The story about the UK passing a law to allowa reproductive technology called mitochondrial donation, what has been informally known as three person or three parent embryos, recently dominated the news.Part of the reason this story received so much attention is because the idea of a child with more than two biological parents sounds really scary, even Frankensteinish.While new medical technologies often raise ethical concerns, it is imperative to understand the science behind these technologies in order to accurately assess the likelihood and degree of potential harms caused by these technologies. In the case of three parent embryos, once we understand the science, this technology is not as threatening as it may initially appear.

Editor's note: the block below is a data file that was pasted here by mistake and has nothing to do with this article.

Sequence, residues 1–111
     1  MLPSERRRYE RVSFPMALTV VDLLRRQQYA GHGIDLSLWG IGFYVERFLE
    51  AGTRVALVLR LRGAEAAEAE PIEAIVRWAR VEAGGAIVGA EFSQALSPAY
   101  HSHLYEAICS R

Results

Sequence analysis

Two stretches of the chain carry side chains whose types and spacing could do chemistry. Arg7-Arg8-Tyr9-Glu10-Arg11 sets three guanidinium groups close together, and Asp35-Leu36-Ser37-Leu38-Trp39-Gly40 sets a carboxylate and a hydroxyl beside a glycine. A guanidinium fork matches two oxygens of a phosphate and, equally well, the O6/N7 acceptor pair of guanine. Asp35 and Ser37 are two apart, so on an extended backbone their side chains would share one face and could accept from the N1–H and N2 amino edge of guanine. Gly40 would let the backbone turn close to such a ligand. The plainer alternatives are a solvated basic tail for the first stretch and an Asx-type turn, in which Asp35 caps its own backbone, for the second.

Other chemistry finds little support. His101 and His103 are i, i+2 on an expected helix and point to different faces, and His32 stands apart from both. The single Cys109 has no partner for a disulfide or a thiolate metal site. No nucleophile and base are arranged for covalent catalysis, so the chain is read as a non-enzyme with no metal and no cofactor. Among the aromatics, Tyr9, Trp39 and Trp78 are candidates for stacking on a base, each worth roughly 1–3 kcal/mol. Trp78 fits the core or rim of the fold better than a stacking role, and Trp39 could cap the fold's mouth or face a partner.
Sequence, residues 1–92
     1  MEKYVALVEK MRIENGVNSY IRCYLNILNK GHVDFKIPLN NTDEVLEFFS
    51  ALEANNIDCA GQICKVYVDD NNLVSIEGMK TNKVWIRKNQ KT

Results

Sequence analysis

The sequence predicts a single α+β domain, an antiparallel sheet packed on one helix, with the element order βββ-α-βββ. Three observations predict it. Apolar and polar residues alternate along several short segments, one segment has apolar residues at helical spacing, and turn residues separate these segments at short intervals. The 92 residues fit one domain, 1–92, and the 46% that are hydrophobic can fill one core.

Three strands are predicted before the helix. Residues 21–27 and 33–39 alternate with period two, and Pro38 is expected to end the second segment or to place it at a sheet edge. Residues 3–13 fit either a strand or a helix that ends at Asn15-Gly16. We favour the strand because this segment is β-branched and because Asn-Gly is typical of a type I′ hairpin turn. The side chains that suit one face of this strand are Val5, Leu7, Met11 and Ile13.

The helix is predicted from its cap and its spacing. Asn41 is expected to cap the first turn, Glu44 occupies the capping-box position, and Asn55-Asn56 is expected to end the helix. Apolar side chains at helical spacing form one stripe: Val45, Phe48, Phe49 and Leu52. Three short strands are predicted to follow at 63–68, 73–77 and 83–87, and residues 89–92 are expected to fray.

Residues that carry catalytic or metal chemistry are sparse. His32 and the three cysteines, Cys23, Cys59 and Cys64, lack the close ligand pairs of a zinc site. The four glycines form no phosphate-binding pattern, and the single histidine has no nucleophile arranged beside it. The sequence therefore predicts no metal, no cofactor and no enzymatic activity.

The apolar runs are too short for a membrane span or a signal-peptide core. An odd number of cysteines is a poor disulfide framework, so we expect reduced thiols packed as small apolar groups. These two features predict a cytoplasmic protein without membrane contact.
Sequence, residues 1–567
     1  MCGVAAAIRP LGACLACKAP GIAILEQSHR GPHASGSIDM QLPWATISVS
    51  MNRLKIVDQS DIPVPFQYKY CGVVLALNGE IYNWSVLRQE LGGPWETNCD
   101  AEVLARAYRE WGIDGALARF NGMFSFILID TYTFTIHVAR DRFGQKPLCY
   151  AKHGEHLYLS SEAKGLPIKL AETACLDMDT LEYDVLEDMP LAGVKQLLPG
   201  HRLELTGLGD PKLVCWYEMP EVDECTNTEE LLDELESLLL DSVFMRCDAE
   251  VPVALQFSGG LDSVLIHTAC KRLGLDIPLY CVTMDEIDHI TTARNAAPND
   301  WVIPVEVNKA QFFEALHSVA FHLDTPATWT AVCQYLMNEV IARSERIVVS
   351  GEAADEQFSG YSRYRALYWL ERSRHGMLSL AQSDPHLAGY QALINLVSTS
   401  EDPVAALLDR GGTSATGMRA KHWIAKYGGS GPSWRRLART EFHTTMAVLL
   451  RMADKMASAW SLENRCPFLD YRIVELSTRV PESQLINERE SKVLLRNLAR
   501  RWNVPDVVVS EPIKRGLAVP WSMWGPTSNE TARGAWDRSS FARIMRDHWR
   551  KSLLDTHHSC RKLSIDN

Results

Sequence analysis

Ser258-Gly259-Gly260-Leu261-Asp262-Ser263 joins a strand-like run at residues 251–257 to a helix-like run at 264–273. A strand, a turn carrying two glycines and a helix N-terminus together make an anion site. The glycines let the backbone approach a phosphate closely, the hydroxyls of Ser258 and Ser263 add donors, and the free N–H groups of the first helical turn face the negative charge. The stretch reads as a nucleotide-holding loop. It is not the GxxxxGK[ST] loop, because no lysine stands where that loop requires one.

The UK will only allow mitochondrial donations in cases where women could pass along mitochondrial diseases to their children. There are various types of mitochondrial diseases, which affect approximately one in 8,500 people and can lead to serious and fatal conditions. The mitochondria are located in the cytoplasm of the cell and serve as the cell powerhouses. Mitochondria have their own set of DNA with the 37 genes and a mitochondrial disease occurs when there is a mutation in the mitochondrial DNA. Mitochondrial donation allows women who are at risk for passing along mitochondrial diseases to the children to avoid doing so by using the mitochondria of a donor. There are two ways this can be done. In the first way, known asmaternal spindle transfer technique, the nucleus from the donor egg is removed and replaced with the nucleus from the intended mother’s egg.
The views, opinions and positions expressed by these authors and blogs are theirs and do not necessarily represent that of the Bioethics Research Library and Kennedy Institute of Ethics or Georgetown University.